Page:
Ready for a 150 Percent Income Tax Increase?

Published July 1, 2008

For years, taxpayer advocacy groups have been sounding the alarm about serious spending problems facing the nation and the lack of attention elected officials are paying to this growing fiscal disaster. Now come projections out of the Congressional Budget Office (CBO) on what further delay means to taxpayers and the economy.

According to a CBO report and letter dated May 19 to Rep. Paul Ryan (R-WI),

“Under current law, rising costs for health care and the aging of the population will cause federal spending on Medicare, Medicaid, and Social Security to rise substantially as a share of the economy. If tax revenues as a share of gross domestic product (GDP) remain at current levels, that additional spending will eventually cause future budget deficits to become unsustainable. To prevent those deficits from growing to levels that could impose substantial costs on the economy, the choices are limited: Revenues must rise as a share of GDP, projected spending must fall, or both.”

Infeasible Tax Hikes

If tax increases turn out to be the preferred solution for resolving the spending problem, the toll will be tremendous, CBO reports.

“With no economic feedbacks taken into account and under an assumption that raising marginal tax rates was the only mechanism used to balance the budget, tax rates would have to more than double,” the CBO report says. “The tax rate for the lowest tax bracket would have to be increased from 10 percent to 25 percent; the tax rate on incomes in the current 25 percent bracket would have to be increased to 63 percent; and the tax rate of the highest bracket would have to be raised from 35 percent to 88 percent. The top corporate income tax rate would also increase from 35 percent to 88 percent.”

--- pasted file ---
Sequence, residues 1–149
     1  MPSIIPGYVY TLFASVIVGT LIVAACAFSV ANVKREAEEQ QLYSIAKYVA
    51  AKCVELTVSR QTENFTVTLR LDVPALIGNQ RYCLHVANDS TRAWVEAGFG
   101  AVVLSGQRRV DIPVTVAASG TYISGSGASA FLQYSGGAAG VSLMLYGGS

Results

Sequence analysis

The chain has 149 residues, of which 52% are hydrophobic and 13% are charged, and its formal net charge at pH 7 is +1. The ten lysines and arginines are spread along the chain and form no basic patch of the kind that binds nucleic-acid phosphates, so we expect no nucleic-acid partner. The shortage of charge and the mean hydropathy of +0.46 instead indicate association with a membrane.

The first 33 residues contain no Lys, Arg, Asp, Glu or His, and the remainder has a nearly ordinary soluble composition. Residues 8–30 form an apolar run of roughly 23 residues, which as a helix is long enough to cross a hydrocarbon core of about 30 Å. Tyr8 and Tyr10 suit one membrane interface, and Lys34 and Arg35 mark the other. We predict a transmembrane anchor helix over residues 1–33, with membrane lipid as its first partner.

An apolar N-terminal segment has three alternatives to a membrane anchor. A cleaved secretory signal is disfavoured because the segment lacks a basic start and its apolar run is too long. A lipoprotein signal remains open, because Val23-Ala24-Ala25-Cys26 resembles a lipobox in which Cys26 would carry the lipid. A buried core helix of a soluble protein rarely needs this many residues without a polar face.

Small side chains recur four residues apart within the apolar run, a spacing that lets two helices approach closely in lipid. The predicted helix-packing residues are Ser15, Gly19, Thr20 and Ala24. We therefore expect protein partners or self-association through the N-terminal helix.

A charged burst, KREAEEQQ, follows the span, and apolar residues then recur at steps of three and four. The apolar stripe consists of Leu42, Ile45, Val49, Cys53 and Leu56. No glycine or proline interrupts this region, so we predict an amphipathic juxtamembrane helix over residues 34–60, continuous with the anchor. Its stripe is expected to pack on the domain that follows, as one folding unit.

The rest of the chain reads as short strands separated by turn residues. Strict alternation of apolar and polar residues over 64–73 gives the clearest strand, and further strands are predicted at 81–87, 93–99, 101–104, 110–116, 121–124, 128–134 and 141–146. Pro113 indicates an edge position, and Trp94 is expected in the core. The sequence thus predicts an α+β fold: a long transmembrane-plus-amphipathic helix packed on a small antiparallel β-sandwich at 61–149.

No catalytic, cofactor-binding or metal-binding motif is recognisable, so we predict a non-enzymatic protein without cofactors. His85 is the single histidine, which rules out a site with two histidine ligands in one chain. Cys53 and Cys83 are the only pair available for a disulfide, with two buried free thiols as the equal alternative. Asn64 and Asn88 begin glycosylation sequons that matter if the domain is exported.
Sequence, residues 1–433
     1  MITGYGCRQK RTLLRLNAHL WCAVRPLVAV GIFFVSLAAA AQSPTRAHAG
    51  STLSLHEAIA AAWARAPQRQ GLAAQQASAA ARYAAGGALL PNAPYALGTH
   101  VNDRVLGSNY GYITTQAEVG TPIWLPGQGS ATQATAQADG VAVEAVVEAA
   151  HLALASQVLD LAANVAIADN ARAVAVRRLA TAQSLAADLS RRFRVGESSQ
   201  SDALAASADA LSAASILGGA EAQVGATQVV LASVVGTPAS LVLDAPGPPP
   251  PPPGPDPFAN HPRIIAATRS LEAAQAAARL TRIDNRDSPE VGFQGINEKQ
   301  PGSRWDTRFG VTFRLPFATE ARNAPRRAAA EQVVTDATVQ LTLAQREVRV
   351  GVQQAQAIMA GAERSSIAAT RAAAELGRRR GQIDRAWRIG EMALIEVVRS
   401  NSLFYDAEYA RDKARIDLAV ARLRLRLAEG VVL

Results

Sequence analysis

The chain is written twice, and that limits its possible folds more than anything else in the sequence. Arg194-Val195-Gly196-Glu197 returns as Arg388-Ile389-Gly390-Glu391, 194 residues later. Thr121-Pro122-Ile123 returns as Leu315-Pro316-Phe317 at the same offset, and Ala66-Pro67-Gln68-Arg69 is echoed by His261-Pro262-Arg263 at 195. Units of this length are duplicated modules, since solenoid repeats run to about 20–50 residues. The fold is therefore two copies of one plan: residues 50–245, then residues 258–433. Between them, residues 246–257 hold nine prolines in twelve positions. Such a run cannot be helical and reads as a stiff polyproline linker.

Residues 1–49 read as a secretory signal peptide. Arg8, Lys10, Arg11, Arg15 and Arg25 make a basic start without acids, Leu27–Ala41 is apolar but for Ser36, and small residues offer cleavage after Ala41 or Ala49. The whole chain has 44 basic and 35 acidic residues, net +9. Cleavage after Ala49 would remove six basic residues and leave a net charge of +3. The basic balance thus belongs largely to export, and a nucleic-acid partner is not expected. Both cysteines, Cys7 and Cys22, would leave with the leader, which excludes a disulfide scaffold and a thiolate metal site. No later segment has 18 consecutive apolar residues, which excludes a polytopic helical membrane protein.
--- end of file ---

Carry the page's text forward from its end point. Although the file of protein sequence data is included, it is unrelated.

The report adds, “Such tax rates would significantly reduce economic activity and would create serious problems with tax avoidance and tax evasion. Revenues would probably fall significantly short of the amount needed to finance the growth of spending; therefore, tax rates at such levels would probably not be economically feasible.”

Health Care Pressures

The report concludes, “The United States faces serious long-run budgetary challenges. If action is not taken to curb the projected growth of budget deficits in coming decades, the economy will eventually suffer serious damage. The issue facing policymakers is not whether to address rising deficits, but when and how to address them.

“At some point, policymakers will have to increase taxes, reduce spending, or both. Much of the pressure on the budget stems from the fast growth of federal costs on health care, so constraining that growth seems a key component of reducing deficits over the next several decades. A variety of evidence suggests that opportunities exist to constrain health care costs both in the public programs and in the health care system overall without adverse health consequences, although capturing those opportunities involves many challenges.”

So what do the current presidential candidates plan to do? They aren’t saying.

Jason Mercier ([email protected]) is director of the Center for Government Reform of the Washington Policy Center in Olympia, Washington.

For more information …

Congressional Budget Office report for Congressman Paul Ryan (R-WI) regarding government entitlement spending and the future impact on taxes:

Commentary by former U.S. Comptroller General David M. Walker concerning poor political leadership on entitlement spending control: